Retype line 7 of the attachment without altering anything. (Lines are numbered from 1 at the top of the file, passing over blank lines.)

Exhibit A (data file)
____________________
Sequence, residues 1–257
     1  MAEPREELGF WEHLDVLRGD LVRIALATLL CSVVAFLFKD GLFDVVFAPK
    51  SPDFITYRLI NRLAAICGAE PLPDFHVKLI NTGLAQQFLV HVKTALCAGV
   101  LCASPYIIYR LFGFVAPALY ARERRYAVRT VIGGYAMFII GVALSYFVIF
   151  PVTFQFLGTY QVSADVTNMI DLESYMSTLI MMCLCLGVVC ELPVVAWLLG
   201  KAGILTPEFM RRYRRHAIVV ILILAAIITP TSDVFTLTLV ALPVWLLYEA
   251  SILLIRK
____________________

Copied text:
   251  SILLIRK